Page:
Ngcuka’s 2003 “prima facie but unwinnable” decision — I think that this was a reasonable decision. Having solid evidence of wrongdoing does not exist in the absence of solid counter-evidence proving innocence. Without applying one’s mind to the issue of impartiality on Ngcuka’s part, this seemed like a reasonable judgment on whether to prosecute Zuma or not. The over-the-top reaction to Ngcuka’s pronouncement at the time was driven by individuals in the 2nd category of people above. If Ngcuka wasn’t convinced that Zuma could be prosecuted successfully, why waste our taxes?

Pikoli’s 2005 decision to charge Zuma after the Shaik verdict — This decision didn’t seem reasonable to me. The NPA, for all we knew, had made the decision to prosecute Shaik and not Zuma in 2003 because it had enough to “get” Shaik but not Zuma. That is what Ngcuka had said. Without increasing their pool of dirt on Zuma, but emboldened by success against Shaik, they decide to charge Zuma. Suspicions that he was charged without fresh evidence were strengthened when they raided his residences, those of his lawyers and close associates subsequent to their decision to charge him. It just seemed unreasonable to me.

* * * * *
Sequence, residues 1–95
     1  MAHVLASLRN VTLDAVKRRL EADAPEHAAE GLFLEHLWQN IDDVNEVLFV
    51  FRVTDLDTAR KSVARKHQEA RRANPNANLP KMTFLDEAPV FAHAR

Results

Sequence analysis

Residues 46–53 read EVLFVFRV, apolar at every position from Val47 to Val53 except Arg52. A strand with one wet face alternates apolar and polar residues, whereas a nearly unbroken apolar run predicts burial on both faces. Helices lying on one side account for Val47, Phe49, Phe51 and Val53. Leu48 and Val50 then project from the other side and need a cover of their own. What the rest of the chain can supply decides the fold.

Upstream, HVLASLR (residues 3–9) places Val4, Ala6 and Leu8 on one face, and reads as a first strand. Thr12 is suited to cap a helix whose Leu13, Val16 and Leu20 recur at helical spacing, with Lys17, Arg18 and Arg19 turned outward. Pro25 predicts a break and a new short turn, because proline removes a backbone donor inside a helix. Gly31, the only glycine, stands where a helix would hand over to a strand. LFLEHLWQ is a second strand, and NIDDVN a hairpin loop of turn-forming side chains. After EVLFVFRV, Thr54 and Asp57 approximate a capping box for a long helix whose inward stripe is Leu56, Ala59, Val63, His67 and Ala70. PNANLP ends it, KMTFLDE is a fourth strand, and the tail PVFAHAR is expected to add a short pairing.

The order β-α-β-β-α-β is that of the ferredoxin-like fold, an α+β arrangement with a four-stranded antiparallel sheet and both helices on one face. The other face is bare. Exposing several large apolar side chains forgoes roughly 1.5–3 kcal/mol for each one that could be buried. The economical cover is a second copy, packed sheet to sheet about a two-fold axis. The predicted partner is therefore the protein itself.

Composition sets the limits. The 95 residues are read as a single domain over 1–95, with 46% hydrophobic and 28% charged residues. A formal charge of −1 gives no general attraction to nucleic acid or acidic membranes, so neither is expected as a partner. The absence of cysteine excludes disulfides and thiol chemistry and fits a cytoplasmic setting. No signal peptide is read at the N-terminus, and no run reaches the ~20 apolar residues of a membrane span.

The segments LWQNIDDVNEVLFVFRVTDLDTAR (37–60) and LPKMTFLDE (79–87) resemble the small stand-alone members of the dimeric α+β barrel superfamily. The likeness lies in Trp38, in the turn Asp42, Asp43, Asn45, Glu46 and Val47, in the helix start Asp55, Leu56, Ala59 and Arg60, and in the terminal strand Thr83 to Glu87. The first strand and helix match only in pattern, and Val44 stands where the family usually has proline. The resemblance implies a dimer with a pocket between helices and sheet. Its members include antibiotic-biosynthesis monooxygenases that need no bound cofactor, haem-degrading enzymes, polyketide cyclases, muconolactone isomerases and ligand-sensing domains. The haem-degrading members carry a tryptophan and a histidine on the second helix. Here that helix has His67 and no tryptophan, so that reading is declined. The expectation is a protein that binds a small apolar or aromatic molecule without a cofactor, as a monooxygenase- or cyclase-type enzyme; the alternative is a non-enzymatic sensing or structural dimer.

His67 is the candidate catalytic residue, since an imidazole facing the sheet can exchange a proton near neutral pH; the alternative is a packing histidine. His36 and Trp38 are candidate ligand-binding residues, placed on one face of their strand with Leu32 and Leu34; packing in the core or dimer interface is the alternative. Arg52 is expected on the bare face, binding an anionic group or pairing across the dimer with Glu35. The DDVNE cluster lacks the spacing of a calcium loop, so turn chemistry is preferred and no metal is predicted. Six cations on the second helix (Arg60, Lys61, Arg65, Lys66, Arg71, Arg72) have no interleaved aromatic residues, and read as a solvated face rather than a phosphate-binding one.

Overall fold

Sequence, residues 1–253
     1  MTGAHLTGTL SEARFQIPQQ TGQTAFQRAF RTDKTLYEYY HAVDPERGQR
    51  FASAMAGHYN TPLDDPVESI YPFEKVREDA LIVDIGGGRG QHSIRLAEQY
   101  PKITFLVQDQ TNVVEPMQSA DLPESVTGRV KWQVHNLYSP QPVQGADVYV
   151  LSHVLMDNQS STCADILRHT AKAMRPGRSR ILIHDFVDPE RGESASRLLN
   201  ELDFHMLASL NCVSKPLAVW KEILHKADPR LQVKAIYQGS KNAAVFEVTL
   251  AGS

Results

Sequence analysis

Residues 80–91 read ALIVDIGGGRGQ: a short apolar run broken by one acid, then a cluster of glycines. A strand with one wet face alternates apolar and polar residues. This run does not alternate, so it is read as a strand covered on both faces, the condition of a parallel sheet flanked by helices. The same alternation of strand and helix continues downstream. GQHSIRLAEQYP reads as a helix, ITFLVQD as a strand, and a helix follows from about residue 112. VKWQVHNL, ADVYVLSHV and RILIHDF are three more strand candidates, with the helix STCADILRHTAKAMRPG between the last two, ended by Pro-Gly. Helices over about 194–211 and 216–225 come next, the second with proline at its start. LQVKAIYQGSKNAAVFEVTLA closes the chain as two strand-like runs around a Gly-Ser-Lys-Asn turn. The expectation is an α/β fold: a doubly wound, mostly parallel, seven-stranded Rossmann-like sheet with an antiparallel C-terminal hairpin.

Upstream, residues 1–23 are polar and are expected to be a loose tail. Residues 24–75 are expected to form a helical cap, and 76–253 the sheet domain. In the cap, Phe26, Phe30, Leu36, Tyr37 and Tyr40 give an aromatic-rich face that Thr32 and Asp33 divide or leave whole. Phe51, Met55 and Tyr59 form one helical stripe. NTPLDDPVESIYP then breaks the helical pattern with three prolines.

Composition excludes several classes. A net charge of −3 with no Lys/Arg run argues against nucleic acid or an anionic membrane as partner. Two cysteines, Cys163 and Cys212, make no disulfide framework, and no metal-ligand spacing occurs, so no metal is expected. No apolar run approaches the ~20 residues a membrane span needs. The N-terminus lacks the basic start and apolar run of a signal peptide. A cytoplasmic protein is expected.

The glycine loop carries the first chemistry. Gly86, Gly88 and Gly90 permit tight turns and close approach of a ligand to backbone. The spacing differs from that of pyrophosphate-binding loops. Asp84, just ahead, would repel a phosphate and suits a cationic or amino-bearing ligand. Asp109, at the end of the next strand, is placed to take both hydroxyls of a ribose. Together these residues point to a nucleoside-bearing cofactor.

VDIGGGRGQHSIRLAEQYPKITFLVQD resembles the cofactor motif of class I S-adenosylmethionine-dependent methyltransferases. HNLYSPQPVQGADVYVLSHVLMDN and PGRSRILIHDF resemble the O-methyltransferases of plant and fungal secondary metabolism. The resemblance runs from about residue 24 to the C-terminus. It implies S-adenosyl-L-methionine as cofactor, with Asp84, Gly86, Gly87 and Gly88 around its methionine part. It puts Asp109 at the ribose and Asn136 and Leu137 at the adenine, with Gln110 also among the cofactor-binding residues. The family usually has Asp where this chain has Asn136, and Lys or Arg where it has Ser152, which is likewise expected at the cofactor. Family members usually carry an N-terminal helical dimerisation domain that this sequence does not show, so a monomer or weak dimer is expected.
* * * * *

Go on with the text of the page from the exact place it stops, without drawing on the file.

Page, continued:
Judge Qedusizi Msimang’s 2006 judgment — Even Zuma’s worst detractors’ reactions were muted on this one. Completely reasonable decision. Five to six years of investigations later, the NPA should have been ready. The NPA had signalled their readiness to prosecute Zuma when they charged him more than a year earlier. What was the hold-up?